A guest blog by Ed Collins, his view from the trenches of The Edge Program
All I can remember by the age of 36 was that after taking a few too many ambitious risks, I was facing ruin. I was going through bankruptcy, depression and alcoholism in a triple whammy of - What the funk is happening?
I attended meetings at AA, which, after a second attempt, finally started to get my mind clearer, but for those of us who have given up alcohol - will attest to the fact that there is a tremendous identity crisis about to hit, upon sobriety. Well, there was in my case.
I honestly felt for the first year that I didn't even know who I was without alcohol - and I had realised that it had controlled me so comprehensively for the best part of 22 years.
The come-down was vile and incapacitating.
I then sunk in a vacuous emotional black hole for about 4 -5 years before I knew how I was supposed to start living my life again.
I just thought that feeling like emotional shit was a normal part of being an entrepreneur. It was only when a girlfriend at the time mentioned that I was probably going through depression, that I finally realised I likely had it, I just didn't know how to break out of it.
The ego also has a way of wallowing in misery and feeding the BS. I had to learn that feeling like shit is a choice. You can actually decide to feel better and create positive thoughts if you work at it.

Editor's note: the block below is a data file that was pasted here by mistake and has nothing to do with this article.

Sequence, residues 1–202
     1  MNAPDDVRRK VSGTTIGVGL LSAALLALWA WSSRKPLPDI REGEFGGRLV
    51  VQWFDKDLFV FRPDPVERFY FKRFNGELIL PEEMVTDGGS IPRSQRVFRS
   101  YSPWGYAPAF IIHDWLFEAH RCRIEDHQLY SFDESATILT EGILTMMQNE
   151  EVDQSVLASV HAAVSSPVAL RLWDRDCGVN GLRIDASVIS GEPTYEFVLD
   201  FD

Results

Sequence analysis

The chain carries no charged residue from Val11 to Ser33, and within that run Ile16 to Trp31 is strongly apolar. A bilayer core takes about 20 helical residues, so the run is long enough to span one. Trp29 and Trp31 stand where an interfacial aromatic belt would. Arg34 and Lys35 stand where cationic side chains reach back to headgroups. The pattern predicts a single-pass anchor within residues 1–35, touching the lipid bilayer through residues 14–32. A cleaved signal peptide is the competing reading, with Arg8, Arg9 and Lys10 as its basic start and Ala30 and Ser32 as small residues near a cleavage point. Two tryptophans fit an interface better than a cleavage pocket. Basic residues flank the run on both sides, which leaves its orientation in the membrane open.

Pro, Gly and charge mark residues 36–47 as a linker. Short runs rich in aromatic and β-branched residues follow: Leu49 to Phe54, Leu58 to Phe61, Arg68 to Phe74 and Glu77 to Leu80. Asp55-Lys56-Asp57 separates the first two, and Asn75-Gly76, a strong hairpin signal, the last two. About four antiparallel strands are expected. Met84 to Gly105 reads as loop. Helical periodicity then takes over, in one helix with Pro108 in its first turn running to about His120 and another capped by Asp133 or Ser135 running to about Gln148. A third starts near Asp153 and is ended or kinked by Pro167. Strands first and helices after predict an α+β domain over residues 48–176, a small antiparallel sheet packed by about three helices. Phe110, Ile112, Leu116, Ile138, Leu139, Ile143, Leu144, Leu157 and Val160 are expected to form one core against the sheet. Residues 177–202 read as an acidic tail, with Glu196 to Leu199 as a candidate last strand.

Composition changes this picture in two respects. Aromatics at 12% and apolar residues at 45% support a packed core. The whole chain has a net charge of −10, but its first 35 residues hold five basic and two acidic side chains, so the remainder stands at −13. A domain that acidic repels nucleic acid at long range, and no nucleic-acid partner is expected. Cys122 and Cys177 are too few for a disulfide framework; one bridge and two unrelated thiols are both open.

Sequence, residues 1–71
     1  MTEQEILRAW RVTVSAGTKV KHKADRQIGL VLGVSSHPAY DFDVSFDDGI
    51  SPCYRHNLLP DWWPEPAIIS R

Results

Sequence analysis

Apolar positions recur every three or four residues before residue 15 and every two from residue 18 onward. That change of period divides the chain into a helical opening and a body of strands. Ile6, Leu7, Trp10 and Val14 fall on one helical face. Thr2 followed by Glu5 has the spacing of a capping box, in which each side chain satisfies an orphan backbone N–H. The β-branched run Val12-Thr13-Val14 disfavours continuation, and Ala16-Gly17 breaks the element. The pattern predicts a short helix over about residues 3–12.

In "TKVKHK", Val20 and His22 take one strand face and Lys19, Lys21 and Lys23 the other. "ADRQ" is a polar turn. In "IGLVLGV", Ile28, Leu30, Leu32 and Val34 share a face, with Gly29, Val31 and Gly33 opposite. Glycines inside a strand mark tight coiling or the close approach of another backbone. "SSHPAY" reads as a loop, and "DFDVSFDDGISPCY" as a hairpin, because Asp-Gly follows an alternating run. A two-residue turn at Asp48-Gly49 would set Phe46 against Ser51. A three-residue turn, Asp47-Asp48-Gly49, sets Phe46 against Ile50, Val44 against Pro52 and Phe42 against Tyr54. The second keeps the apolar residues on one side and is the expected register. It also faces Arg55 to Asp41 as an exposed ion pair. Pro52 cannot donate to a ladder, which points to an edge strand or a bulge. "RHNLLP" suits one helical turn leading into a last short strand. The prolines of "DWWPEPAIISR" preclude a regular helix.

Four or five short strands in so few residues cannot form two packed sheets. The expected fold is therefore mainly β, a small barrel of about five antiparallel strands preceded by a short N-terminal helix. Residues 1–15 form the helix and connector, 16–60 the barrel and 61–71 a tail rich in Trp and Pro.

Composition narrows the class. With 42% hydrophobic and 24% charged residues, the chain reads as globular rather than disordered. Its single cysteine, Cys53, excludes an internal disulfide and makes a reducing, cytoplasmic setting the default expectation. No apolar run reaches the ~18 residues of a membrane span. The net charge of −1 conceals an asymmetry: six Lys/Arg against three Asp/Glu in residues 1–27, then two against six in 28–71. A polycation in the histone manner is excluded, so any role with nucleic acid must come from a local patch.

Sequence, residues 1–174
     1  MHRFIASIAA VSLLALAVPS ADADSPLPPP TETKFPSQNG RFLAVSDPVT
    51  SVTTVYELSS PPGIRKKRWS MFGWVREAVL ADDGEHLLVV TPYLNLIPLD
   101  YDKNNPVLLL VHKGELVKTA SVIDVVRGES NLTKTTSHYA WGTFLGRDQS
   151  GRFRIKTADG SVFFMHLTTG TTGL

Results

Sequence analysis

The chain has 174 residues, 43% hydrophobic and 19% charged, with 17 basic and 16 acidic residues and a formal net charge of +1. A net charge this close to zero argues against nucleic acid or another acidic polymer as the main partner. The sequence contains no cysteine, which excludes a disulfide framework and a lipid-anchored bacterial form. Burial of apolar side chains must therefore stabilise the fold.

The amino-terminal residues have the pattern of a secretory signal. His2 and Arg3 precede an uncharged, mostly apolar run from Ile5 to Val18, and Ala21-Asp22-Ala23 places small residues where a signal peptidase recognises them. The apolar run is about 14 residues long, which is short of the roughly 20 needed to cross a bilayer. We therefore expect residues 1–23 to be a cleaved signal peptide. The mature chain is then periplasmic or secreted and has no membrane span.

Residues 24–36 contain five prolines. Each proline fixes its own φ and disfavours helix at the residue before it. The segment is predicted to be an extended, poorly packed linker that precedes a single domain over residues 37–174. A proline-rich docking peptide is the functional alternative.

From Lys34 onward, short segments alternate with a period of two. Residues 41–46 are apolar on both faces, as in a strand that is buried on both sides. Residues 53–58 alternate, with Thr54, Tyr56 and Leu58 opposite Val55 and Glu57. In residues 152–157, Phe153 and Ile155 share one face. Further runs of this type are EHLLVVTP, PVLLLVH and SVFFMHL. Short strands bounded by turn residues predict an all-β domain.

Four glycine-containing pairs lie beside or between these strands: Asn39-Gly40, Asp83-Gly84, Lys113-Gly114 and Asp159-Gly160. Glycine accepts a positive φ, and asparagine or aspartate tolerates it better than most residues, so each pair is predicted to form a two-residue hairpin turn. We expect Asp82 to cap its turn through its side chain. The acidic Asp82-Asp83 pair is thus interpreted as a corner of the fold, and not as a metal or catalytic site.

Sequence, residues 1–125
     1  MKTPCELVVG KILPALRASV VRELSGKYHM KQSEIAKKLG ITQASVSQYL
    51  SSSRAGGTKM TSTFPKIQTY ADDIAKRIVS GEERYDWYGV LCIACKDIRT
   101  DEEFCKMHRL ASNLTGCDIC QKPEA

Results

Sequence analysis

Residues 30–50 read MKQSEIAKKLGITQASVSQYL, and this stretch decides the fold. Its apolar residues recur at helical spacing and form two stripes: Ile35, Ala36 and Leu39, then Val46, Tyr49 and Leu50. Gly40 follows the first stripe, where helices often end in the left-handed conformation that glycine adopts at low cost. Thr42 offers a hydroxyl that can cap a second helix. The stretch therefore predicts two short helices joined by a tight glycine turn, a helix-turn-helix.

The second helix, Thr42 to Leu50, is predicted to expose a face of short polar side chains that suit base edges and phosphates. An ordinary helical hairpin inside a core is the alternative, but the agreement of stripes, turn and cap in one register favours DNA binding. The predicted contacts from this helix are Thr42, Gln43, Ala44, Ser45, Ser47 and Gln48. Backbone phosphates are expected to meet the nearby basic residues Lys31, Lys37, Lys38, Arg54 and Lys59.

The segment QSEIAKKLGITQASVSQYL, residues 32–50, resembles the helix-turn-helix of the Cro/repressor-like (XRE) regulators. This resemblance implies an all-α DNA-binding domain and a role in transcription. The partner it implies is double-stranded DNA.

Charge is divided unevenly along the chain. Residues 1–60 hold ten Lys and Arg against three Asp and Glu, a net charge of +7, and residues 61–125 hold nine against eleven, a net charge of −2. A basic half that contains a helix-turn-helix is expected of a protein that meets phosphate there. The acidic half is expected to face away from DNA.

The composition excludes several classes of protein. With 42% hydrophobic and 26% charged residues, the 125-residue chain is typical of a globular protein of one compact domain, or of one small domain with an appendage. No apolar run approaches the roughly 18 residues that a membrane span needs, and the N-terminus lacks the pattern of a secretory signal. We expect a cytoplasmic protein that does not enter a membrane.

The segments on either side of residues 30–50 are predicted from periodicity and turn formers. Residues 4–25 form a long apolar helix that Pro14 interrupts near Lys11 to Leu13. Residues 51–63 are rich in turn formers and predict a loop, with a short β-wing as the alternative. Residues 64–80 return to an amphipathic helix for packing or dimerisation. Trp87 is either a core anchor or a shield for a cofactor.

I started to read more about the ego and to start meditating, although it felt completely unnatural for me, but it did help.
The following 4 years were just about getting through the days, trying to understand what I had done and how I could have lost everything in my life, due to the risks I had taken and actually owning up to having an addiction.
I didn't realise it then also but I've since realised that doing sport is a form of waking meditation. Burning off the energy helps to calm my thoughts during and after exercise.
At 41 I knew I needed to leave Europe for Asia to feel inspired again and totally reboot my system and psyche. I had visited Thailand at 23 as part of a gap-year travel thingy blah blah and I'd always wanted to see how life could be there, as an expat, but this time sober.
Bangkok or bust
Steve and I met at a language school I was working at in Bangkok, where Steve was studying Thai and I was managing language programs for foreigners. I had always noticed that Steve looked in great shape, and had a confident aura as he carried himself. Little did I know how I would be so positively impacted by him. This was around September of 2018.
We soon started chatting, about health, marketing, gym training, nutrition and psychology and, of course as expats, what brought us to Bangkok.
Within a few conversations it became very clear that Steve has an incredible amount of experience in the health, and fitness and martial arts industries - being able to advise upon a wide range of topics, having had a busy client list running back many years, while working in the UK.
I would say that my health and fitness levels before meeting Steve were certainly not optimal, and I had definitely allowed some bad eating habits to creep in. I had been experimenting with veganism and let's just say, living in a motel for the first 6 months, with no gym, didn't exactly do me any favours.
One saving grace, however, was that the park was 20 minutes away, so I'd get there to train as often as I could.